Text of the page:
Interesting Interview on XM Radio

March 11, 2006
The Multiracial Activist 
From the Editor:

Yours truly was on the airwaves Friday night from 10 – 11:15 p.m. ET with Jan Summers, host of It's About Life on XM Radio's The Power – channel 169. The topic of the night was supposed be interracial relationships, but we talked about multiracial self-identity for the full period.

The host is a psychologist who seemed to embrace several stereotypes that were mentioned by her callers.

Tragic Mulattos, Rejected Parents, and Passing. Oh my.

The first caller claimed that every biracial male child she encountered in her life, grew up to pass solely as white and rejected their black fathers. When I challenged her on this, she asserted herself as some kind of expert with children. When she started the call she had been a cashier in a grocery store. Whatever. Her evidence, you ask? She claimed that she frequently saw biracial males as children with their fathers in stores.

When they became teenagers, she never saw them with their fathers again.

That, ladies and gentlemen, is what passes for proof nowadays when supporting the one-drop rule. And this went on for 10 minutes.

Incredibly, they all also shave their hair and talk only to white cashiers in stores – with their heads hung down in a shameful manner. See, she wasn't generalizing because she had all this experience with biracial males as a cashier at a grocery store and claimed to have "worked" with all those troubled biracial children for years as some kind of counselor.

She just knew they were avoiding her line in order to pass as white – while hiding out from their black fathers. (sigh)

I called it like I "saw" it – a ridiculous scare tactic and cautionary tale, meant to stereotype and generalize a population that consists of millions of individuals. The host attempted to back her up on this point, but I was insistent that I've heard similar stereotype-laden tales floating around internet forums in the past. I pointed out that the purpose of such tales was to promote the unspoken point being made, and partially backed up by the host, that interracial relationships produce biracial children who will reject their black parents and choose to pass when they become teenagers – because they have no black pride.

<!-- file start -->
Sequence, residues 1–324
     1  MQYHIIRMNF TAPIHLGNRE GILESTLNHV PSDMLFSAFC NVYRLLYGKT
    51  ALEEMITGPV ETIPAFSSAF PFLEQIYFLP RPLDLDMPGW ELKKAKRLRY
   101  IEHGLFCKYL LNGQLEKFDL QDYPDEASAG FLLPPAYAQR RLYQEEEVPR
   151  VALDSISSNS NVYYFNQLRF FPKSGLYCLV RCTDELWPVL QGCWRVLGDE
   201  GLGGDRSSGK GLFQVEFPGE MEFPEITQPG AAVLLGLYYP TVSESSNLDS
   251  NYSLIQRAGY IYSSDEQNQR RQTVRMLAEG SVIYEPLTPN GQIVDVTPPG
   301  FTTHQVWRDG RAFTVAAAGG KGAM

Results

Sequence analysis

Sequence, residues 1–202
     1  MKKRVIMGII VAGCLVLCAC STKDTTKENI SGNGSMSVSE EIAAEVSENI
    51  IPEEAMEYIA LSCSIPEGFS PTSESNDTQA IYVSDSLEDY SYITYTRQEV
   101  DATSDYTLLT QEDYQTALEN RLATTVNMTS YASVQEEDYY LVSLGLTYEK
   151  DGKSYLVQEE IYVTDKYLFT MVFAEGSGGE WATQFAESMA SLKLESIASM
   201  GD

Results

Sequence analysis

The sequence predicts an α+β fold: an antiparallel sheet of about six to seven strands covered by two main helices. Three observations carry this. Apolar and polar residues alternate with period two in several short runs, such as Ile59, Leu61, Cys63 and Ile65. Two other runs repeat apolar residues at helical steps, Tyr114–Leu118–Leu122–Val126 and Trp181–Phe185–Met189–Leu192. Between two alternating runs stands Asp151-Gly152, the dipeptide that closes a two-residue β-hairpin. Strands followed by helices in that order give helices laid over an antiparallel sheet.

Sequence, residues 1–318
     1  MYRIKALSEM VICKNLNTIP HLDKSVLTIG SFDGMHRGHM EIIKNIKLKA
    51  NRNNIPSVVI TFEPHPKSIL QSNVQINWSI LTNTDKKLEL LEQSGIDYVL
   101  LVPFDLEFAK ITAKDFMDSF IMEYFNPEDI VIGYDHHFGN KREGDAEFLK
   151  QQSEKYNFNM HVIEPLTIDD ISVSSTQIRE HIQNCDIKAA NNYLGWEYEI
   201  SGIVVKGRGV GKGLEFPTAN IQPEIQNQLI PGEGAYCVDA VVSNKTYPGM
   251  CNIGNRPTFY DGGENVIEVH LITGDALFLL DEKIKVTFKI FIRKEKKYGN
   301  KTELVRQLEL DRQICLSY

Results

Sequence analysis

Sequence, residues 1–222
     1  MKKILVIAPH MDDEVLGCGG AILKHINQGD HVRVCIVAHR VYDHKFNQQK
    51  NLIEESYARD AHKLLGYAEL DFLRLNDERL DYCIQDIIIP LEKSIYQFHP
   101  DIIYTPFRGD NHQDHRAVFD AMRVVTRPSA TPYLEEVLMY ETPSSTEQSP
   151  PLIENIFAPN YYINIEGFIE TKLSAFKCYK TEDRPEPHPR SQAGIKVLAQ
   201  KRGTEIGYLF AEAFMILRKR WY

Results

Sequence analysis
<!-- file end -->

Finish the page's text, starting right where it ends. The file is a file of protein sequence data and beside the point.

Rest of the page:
After a while, the caller was sent on her merry way and the host backed off that tact when I drove home the point that what they are claiming was a lack of black pride was really an insistence that multiracial individuals should identify more with blackness than any other aspect of their self-identify.

She seemed to agree with me on that point and we moved on from there.

Several times both the host and I made the point that racial classifications are inconsistent, contradictory and generally nonsensical.

Of course, that did not stop the cautionary tales of biracial adults rejecting their blackness and hiding from their black family members from continuously popping up. Constant attempts were made to attach shame, hiding and dishonesty to multiracials. Constantly, the "appeal to authority" approach was used by those presenting such arguments. Everyone seemed to be an expert and to have given so freely of their time to help all the poor confused multiracial kids around them. They lacked the proper amount of black pride – don't you know…

I spent the last 10 or so minutes discussing the favorite of favoritest scare tactics – Whitey Will Never See You As Multiracial. In short, I drove home the point that only biracial and multiracial individuals are expected to surrender their rights to a self-identity on the basis that some individuals with antiquated attitudes will not respect their identities. I asked why they were subjected to special treatment in this regard. The host seemed to believe that only other multiracials would recognize a multiracial person's identity.

Overall I think the majority of the interview went well, compared to the first 10 minutes, with the caller who had all that first-hand knowledge that biracial males will reject their black fathers. And shave their heads like Vin Diesel. But she wasn't generalizing.

Unreal.

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